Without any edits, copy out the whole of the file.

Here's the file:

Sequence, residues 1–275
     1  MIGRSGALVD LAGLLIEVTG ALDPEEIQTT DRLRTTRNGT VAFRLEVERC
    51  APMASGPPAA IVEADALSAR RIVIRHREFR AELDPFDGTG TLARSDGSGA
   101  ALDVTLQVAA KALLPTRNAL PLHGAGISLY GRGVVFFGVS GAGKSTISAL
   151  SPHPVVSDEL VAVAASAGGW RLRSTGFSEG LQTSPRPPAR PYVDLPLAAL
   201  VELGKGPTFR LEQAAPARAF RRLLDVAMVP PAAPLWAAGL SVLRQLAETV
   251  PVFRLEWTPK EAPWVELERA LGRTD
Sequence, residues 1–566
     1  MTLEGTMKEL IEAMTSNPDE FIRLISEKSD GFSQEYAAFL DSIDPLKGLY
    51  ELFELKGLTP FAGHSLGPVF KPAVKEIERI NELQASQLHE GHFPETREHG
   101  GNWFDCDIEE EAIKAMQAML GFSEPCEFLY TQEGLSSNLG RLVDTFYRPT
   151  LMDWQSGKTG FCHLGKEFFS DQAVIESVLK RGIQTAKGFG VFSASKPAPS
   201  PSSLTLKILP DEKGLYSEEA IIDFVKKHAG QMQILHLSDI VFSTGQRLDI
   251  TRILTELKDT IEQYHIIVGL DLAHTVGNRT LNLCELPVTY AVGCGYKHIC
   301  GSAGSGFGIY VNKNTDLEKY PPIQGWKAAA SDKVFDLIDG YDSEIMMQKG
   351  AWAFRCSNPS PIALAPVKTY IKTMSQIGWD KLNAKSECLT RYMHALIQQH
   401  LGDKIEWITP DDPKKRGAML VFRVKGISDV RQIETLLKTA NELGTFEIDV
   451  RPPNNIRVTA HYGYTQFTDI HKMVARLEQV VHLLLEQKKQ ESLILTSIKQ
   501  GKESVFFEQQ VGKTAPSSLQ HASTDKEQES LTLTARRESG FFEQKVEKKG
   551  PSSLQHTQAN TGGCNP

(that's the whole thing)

Sequence, residues 1–275
     1  MIGRSGALVD LAGLLIEVTG ALDPEEIQTT DRLRTTRNGT VAFRLEVERC
    51  APMASGPPAA IVEADALSAR RIVIRHREFR AELDPFDGTG TLARSDGSGA
   101  ALDVTLQVAA KALLPTRNAL PLHGAGISLY GRGVVFFGVS GAGKSTISAL
   151  SPHPVVSDEL VAVAASAGGW RLRSTGFSEG LQTSPRPPAR PYVDLPLAAL
   201  VELGKGPTFR LEQAAPARAF RRLLDVAMVP PAAPLWAAGL SVLRQLAETV
   251  PVFRLEWTPK EAPWVELERA LGRTD
Sequence, residues 1–566
     1  MTLEGTMKEL IEAMTSNPDE FIRLISEKSD GFSQEYAAFL DSIDPLKGLY
    51  ELFELKGLTP FAGHSLGPVF KPAVKEIERI NELQASQLHE GHFPETREHG
   101  GNWFDCDIEE EAIKAMQAML GFSEPCEFLY TQEGLSSNLG RLVDTFYRPT
   151  LMDWQSGKTG FCHLGKEFFS DQAVIESVLK RGIQTAKGFG VFSASKPAPS
   201  PSSLTLKILP DEKGLYSEEA IIDFVKKHAG QMQILHLSDI VFSTGQRLDI
   251  TRILTELKDT IEQYHIIVGL DLAHTVGNRT LNLCELPVTY AVGCGYKHIC
   301  GSAGSGFGIY VNKNTDLEKY PPIQGWKAAA SDKVFDLIDG YDSEIMMQKG
   351  AWAFRCSNPS PIALAPVKTY IKTMSQIGWD KLNAKSECLT RYMHALIQQH
   401  LGDKIEWITP DDPKKRGAML VFRVKGISDV RQIETLLKTA NELGTFEIDV
   451  RPPNNIRVTA HYGYTQFTDI HKMVARLEQV VHLLLEQKKQ ESLILTSIKQ
   501  GKESVFFEQQ VGKTAPSSLQ HASTDKEQES LTLTARRESG FFEQKVEKKG
   551  PSSLQHTQAN TGGCNP